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    Dec. 10, 2013 (Washington, D.C.) -- Fifteen-year-old Jacob Miller’s body mass index, or BMI, was off the charts.

    More than 6 feet tall, Jacob weighed 702 pounds at his heaviest. An online BMI chart from the National Heart, Lung, and Blood Institute goes up to 443 pounds, which, for a 6-foot-4 individual, means a BMI of 54.

    Anything over 40 is “extreme obesity,” according to the chart. Doctors said Jacob’s was 83.

    But 6 months after getting weight loss surgery, Jacob’s weight has dropped to 535 and his BMI to 64. Those changes have led to improvements in his health, his surgeon, Thomas Inge, MD, PhD, told an audience Friday at a meeting of the American Society for Nutrition. Inge is surgical director for the Surgical Weight Loss Program for Teens at Cincinnati Children’s Hospital.

    “How do we tackle pediatric obesity?” he asked. “We don’t have a great deal of success.”

    Weight Loss Surgery Pros and Cons

    For obese teens, especially the severely obese, simply trying to eat less and exercise more doesn’t seem to work, Inge says. He cites a 2012 Swedish study of 14- to 16-year-olds in which researchers found that after 3 years, lifestyle changes led to a meaningful BMI drop in only 2% of participants.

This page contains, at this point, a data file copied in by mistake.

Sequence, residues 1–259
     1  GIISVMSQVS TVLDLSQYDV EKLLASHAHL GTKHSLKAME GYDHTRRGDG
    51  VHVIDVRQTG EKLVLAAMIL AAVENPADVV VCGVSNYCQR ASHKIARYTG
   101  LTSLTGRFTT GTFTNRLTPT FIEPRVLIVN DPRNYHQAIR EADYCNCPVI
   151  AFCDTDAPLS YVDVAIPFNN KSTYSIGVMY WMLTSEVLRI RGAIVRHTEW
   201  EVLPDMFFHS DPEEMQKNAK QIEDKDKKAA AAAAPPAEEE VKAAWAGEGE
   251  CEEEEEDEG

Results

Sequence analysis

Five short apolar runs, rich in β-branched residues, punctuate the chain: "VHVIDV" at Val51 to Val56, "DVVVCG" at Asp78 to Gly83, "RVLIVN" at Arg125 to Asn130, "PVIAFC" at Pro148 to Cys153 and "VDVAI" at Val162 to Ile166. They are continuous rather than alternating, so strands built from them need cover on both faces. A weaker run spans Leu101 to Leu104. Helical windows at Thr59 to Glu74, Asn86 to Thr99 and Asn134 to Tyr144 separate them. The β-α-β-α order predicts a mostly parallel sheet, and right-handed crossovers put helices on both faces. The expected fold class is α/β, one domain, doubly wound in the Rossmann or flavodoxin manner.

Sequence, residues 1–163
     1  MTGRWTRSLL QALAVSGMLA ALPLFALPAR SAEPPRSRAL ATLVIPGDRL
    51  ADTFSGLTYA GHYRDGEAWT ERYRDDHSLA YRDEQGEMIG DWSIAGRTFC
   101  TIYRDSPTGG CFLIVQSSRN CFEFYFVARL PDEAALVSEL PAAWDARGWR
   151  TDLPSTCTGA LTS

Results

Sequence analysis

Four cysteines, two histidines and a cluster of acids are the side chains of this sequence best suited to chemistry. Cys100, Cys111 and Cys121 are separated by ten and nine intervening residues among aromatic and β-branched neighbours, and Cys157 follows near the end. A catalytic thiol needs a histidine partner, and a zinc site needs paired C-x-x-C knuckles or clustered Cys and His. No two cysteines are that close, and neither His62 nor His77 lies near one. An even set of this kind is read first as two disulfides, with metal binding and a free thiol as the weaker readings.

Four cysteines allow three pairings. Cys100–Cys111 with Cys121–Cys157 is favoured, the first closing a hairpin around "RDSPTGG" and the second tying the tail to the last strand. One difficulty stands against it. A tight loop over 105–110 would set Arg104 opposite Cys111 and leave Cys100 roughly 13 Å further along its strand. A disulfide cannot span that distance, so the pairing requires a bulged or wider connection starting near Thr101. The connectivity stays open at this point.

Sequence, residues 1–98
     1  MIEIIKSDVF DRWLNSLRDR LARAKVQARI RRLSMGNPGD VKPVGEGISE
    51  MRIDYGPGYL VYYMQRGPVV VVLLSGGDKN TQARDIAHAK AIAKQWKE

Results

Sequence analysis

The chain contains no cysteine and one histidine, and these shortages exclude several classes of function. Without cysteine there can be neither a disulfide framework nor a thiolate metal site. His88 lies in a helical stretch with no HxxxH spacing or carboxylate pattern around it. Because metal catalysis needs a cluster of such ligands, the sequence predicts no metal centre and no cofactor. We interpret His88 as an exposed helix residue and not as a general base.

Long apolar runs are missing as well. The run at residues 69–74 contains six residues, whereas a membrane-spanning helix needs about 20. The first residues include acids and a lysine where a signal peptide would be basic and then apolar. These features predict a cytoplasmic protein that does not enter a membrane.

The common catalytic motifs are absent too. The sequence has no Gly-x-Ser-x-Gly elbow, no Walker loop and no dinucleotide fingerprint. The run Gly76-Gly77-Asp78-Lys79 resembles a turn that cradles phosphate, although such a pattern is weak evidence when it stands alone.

Meridia had been the most effective weight loss drug, Inge said, but manufacturer Abbott Laboratories took it off the market in 2010 after research raised concerns about risks of heart attack and stroke.

    Inge says weight loss surgery “is costly and does have treatment risks,” but studies in adults have found that it has long-term health benefits. While the number of severely obese children and teens has grown for the last decade, the number undergoing weight loss surgery each year has remained stable at about 1,000.

    In 2004, his team published the first recommendations about weight loss surgery in teens. They advised that surgery be considered for adolescents with a BMI of 35 or greater who had serious obesity-related conditions, such as type 2 diabetes or obstructive sleep apnea. Among obese teens with less-serious conditions, such as insulin resistance and mild apnea, Inge’s team recommended considering surgery for those whose BMI is over 40.

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